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Critical Reviews™ in Biomedical Engineering
SJR: 0.207 SNIP: 0.376 CiteScore™: 0.79

ISSN Печать: 0278-940X
ISSN Онлайн: 1943-619X

Выпуски:
Том 47, 2019 Том 46, 2018 Том 45, 2017 Том 44, 2016 Том 43, 2015 Том 42, 2014 Том 41, 2013 Том 40, 2012 Том 39, 2011 Том 38, 2010 Том 37, 2009 Том 36, 2008 Том 35, 2007 Том 34, 2006 Том 33, 2005 Том 32, 2004 Том 31, 2003 Том 30, 2002 Том 29, 2001 Том 28, 2000 Том 27, 1999 Том 26, 1998 Том 25, 1997 Том 24, 1996 Том 23, 1995

Critical Reviews™ in Biomedical Engineering

DOI: 10.1615/CritRevBiomedEng.2019026545
pages 235-247

Electrochemical Detection of Fertility Hormones

Mukund Khanwalker
School of Biological and Health Systems Engineering, Arizona State University, Tempe, AZ
Jared Johns
School of Biological and Health Systems Engineering, Arizona State University, Tempe, AZ
Mackenzie M. Honikel
School of Biological and Health Systems Engineering, Arizona State University, Tempe, Arizona
Victoria Smith
School of Biological and Health Systems Engineering, Arizona State University, Tempe, AZ
Stephanie Maxwell
School of Biological and Health Systems Engineering, Arizona State University, Tempe, AZ
Sandhya Santhanaraman
School of Biological and Health Systems Engineering, Arizona State University, Tempe, AZ
Jeffrey T. La Belle
School of Biological and Health Systems Engineering, Arizona State University, Tempe, Arizona

Краткое описание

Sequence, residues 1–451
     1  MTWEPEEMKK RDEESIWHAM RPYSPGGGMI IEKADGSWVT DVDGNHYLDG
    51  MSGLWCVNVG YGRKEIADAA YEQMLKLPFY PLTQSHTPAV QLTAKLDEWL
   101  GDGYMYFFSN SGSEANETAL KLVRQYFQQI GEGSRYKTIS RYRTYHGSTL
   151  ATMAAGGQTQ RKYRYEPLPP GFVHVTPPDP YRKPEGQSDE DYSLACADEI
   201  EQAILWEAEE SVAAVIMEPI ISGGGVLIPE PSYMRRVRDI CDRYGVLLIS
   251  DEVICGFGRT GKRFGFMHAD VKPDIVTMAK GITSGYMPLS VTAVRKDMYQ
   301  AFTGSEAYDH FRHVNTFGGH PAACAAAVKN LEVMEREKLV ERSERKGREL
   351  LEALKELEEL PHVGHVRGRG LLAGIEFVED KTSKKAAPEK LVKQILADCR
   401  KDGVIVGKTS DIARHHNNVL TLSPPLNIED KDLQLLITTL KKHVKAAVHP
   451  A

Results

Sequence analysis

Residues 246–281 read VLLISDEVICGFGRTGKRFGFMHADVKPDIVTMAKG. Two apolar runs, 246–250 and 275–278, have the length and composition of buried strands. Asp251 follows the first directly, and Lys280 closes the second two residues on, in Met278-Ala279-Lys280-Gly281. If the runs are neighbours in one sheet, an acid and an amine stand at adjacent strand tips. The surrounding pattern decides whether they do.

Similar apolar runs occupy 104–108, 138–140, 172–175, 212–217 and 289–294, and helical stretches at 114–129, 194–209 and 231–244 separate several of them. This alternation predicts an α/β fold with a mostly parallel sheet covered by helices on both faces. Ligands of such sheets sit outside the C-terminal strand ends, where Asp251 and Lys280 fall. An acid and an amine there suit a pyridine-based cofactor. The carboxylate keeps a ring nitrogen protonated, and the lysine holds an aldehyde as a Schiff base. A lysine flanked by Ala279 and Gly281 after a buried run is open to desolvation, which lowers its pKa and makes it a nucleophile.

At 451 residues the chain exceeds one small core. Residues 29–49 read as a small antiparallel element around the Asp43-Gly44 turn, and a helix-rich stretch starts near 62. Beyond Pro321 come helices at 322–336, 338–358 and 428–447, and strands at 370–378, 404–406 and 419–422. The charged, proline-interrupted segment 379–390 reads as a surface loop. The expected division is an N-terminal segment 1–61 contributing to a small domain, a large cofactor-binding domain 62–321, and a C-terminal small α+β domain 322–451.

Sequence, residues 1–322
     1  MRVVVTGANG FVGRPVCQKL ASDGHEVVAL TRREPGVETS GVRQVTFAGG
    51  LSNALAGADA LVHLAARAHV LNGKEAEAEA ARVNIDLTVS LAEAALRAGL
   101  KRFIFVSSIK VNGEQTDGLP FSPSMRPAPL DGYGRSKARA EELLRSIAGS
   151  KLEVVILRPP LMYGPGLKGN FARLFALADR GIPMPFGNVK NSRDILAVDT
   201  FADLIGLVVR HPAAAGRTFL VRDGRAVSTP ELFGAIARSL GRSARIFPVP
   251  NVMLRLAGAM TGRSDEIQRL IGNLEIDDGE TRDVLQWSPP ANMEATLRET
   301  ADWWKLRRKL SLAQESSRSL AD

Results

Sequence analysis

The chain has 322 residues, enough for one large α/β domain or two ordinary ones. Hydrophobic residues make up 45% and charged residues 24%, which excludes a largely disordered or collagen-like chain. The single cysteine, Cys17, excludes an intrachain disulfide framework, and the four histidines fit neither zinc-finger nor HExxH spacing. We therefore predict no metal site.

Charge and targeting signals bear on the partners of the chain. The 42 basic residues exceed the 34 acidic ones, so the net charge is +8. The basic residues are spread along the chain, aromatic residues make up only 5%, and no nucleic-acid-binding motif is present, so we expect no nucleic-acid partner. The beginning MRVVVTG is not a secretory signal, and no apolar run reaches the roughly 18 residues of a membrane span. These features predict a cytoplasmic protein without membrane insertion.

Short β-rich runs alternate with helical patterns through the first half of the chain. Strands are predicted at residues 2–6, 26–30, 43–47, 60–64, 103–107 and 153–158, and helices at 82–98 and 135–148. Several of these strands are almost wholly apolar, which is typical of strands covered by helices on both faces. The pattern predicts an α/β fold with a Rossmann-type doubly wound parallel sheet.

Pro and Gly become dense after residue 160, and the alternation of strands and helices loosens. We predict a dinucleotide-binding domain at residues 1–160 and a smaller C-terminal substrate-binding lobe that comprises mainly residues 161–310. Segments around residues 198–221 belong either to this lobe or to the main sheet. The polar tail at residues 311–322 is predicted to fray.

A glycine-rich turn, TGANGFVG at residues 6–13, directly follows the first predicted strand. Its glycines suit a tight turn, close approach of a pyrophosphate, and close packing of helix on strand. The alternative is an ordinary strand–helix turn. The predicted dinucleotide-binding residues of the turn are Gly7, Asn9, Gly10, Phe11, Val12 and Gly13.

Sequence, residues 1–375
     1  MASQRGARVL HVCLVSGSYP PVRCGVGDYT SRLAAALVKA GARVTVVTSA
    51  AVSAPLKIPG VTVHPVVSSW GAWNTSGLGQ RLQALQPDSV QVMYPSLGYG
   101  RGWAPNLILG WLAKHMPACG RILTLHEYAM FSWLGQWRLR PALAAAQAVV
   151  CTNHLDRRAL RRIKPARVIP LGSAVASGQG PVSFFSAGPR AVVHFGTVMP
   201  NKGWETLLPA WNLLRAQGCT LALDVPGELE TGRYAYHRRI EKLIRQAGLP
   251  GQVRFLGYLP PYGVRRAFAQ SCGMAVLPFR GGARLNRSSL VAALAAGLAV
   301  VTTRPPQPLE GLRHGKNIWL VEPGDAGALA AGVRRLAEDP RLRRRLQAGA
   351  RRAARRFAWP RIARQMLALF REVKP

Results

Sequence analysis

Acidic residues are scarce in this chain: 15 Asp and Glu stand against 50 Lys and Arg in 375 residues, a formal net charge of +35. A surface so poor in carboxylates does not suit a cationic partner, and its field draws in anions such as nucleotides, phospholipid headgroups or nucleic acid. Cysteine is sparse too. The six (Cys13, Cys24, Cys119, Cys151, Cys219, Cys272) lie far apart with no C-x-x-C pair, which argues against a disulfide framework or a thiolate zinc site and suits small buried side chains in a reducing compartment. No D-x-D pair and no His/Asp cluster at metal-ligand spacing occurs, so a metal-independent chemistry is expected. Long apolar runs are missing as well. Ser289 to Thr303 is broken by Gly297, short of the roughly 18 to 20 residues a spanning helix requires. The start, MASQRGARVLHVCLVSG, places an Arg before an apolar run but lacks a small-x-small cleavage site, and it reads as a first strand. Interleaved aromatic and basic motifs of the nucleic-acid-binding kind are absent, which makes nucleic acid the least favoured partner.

Fertility hormone levels are constantly changing, but it is crucial for a woman to be able to monitor her fertility levels if she is interested in conceiving. Women and physicians often have a difficult time determining ovulation windows due to fluctuating menstrual cycles and inaccurate interpretations of hormone levels. Current methods of fertility monitoring include physical or vaginal exams, laparoscopy, ultrasound scans, as well as evaluation of hormone levels. A rapid, at-home fertility monitoring tool can help alleviate the apprehensiveness associated with routine screenings and give women the privacy desired when trying to conceive. Herein, we discuss the development of an electrochemical biosensor for quantification of three fertility hormones: beta-estradiol, progesterone, and FSH. Each biomarker’s MRE was immobilized onto a gold disk electrode through the use of self-assembled monolayer linking chemistry. Using electrochemical impedance spectroscopy (EIS), the biomarker concentration was correlated to impedance magnitude. An optimal binding frequency was identified for each biomarker, permitting simplistic hardware requirements and investigation into multimarker detection. Analytes were tested in both purified solutions and 1%–90% whole blood. Each biomarker exhibited a unique imaginary impedance peak and optimal binding frequency. The determination was made by assessing the response parameters including the linear fit correlation across the physiological hormone ranges. The existence of unique optimal frequencies permits for simultaneous detection of multiple hormones in a single test. Additionally, the identified frequency was robust across purified and complex solutions. Response characteristics were negatively impacted by the introduction of blood-based contaminants. However, the introduction of Nafion membranes, similar to ones used in commercial glucose sensors, is both feasible and beneficial.

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